Sunflower Bean: "We’re rocking like when we first started"

Sunflower Bean: "We’re rocking like when we first started"

Despite only being in their mid-twenties, New York City trio Sunflower Bean are relative indie music veterans, with their third full-length album Headful of Sugar set for release this summer. And the events of the past few years have weighed heavy on their shoulders.

Since endorsing Bernie Sanders in his failed presidential campaign, the state of the world around them has proved to be a disappointment from then onwards, their generation seemingly at odds with the idea of the 'American Dream' which seems further out of reach than ever. Especially for musicians wanting to obtain the carrot dangling throughout the entirety of their careers: security. 

But the band (singer and bassist Julia Cumming, singer and guitarist Nick Kivlen, and drummer Olive Faber) are adept at shifting their identity, utilising the disillusion and burnout as impetus for their latest album by wiping the slate clean and taking it "back to the basics" of their DIY roots where community and connection at up-close-and-personal gigs was the only tonic required.

With their first UK tour in over three years now well underway, we caught up with the trio to chat about their new album and their preparations in connected with audiences again after an enforced break.



If each of your albums so far are a snapshot of the emotions you were confronting at the time of writing them, what would you say is the driving emotion behind Headful of Sugar, and why?

Nick: I think we were projecting out of the pandemic, imagining a world wide open and full of possibilities. Running away and meeting strangers. Airports and highways. Pushing away all the malaise of consumerism for real experience.

Olive: For me it’s the feeling of letting go of all the empty content we are fed everyday in search of something real


Is your latest single ‘Roll The Dice’ more of a damning indictment of the world around you, or a signal of your intent as artists?

Nick: It’s both. It’s a cynical embrace of the grind set but what makes it really funny is that we are strivers. It’s dealing with that side of yourself and chanting “win win win” in a demonic way that is half sincere.



Did the pandemic ever make you reevaluate your desire to create?

Olive: Not really. Honestly, it gave me the time to finally be as creative as I've wanted to be. It gave me the time to really dive into different projects.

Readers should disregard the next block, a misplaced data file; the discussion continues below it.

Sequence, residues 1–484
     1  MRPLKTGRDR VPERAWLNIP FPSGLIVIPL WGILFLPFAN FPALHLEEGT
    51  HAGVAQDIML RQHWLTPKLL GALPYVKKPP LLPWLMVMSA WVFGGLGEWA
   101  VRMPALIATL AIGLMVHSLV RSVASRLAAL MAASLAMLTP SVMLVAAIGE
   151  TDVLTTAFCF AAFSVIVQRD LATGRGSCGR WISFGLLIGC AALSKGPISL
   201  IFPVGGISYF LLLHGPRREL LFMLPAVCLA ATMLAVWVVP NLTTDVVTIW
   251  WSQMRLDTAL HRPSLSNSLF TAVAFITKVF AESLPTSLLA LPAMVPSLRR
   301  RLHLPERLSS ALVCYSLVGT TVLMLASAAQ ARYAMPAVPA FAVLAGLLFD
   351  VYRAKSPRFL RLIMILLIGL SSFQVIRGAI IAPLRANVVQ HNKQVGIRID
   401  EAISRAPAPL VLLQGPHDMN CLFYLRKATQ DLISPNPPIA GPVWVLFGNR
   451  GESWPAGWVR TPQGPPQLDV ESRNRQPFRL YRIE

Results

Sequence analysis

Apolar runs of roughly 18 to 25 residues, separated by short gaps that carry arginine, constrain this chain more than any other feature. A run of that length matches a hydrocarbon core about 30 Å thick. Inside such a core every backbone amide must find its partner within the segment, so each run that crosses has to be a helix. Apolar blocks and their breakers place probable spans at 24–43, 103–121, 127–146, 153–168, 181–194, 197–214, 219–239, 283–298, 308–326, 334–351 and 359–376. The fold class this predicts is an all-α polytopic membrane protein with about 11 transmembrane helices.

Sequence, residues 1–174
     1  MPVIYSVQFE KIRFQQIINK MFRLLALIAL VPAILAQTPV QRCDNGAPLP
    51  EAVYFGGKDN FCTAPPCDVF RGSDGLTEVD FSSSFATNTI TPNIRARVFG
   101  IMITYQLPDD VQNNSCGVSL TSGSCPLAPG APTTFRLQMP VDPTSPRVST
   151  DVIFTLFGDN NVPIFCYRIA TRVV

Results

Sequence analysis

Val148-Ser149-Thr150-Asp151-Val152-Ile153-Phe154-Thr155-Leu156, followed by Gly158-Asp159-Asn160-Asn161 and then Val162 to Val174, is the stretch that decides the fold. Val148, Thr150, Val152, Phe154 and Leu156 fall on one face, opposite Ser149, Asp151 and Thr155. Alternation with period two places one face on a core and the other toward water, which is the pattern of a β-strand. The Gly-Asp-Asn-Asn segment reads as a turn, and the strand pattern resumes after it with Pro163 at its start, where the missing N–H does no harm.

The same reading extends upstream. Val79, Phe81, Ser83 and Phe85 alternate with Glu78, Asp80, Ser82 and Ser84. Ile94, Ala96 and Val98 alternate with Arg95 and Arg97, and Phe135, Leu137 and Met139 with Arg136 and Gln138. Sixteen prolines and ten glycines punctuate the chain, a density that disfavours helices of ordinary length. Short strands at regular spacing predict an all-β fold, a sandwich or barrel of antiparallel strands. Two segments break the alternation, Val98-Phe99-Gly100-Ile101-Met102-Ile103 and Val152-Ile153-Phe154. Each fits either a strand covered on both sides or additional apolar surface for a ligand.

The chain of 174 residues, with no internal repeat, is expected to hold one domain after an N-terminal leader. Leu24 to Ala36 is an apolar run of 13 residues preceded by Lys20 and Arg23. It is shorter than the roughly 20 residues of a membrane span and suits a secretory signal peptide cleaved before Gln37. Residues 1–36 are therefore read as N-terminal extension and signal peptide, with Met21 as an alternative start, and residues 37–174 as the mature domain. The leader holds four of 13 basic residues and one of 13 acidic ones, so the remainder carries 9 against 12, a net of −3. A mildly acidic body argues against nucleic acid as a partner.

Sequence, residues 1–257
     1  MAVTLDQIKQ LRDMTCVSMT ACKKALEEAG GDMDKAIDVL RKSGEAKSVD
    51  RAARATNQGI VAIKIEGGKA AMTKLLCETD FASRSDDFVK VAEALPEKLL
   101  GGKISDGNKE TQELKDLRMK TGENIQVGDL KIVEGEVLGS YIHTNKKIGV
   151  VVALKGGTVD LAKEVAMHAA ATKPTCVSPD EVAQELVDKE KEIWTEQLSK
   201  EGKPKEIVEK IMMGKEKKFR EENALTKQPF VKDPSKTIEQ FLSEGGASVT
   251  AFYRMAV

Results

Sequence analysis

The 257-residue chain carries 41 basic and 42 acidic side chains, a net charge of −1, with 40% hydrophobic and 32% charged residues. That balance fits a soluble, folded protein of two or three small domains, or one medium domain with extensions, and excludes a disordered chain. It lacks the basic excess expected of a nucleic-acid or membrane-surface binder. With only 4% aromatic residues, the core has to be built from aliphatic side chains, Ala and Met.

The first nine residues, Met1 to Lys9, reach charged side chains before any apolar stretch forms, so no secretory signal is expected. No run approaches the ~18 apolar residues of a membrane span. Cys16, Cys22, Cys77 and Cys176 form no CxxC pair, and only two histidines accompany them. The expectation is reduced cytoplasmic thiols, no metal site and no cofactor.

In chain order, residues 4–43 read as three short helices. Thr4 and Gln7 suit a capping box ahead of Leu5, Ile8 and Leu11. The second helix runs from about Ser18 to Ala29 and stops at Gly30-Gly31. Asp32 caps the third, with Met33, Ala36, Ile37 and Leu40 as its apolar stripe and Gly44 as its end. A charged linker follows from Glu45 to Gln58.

Julia: The pandemic created a situation where all we could do was create. Even though everyone was losing so much, we definitely gained the space and time to experiment and try new ideas. We were in a pod together creating all the time.


Headful of Sugar marks your evolution into an unabashed rock band. Is it in part to the enforced break from performing live and wanting to come back even bigger and more defiant?

Julia: I think in a lot of ways we’re back to the basics. We’re rocking like we were when we first started, in DIY venues and in basements again. It’s the same energy we’ve always had, just informed by everything we want to do now. Headful of Sugar to me is a psychedelic pop rock record best listened to loud, fast and while moshing with friends. Our show is definitely in service of that.



What were your main musical influences whilst writing?

Nick: A lot of songs with a big strong beat, fuzzy groovy bass lines, tons of distortion and noise all underneath a big pop melody.

Olive: Drill and and grunge music were big influences on the album.


With recording from home and Olive acting as engineer, how did this offer you more creative control in terms of what you wanted to say with the album and how it sounds?

Olive: It just let us create together as the three of us in such a much more personal way. We could get all that we wanted down and recorded before sending it to an outside person. In this case we had Jacob Portrait producing and he did a really great job filtering all the stuff we had done through his brain. 



Artists are now readily making music for platforms like TikTok, so do you think there’s still an appetite for new, young artists to pursue music without targeting viral success?

Olive: Yeah! I think the thing with going viral is that unless you only want literally one second of fame you have to make something honest and true to you. People crave real things.

Julia: I think it’s harder than ever to be a brand new artist trying to make it without making work that the world will immediately consider incredibly digestible and easy to sell. But that’s always been the circumstances. They are just heightened in this time of super short attention spans, easy entertainment, and 'viral-ity', for sure.

Nick: It’s something that happens randomly for some artists. It doesn’t seem to be conducive to a long and healthy career. It’s like a one hit wonder kinda deal. We just use TikTok to hang out and have fun with our friends.

Julia: As much as people want music to be easily wrapped up and sold to people in the quickest way possible, there is a magic in songs and songwriting that can never be understood or bottled or measured. There is a magic and a spontaneity that I think listeners will always yearn for and that is always worth doing and fighting for.


Are there any plans to play festivals this summer and beyond?

Julia: There will definitely be a lot more touring!


You’ve had a storied career so far, but are still pretty young in the grand scheme of things. What is the band’s ultimate ambition?

Julia: That’s for us to know and for you to find out!



Headful of Sugar is out on 6th May via Lucky Number. To check out all of Sunflower Bean's future festival appearances, click here.


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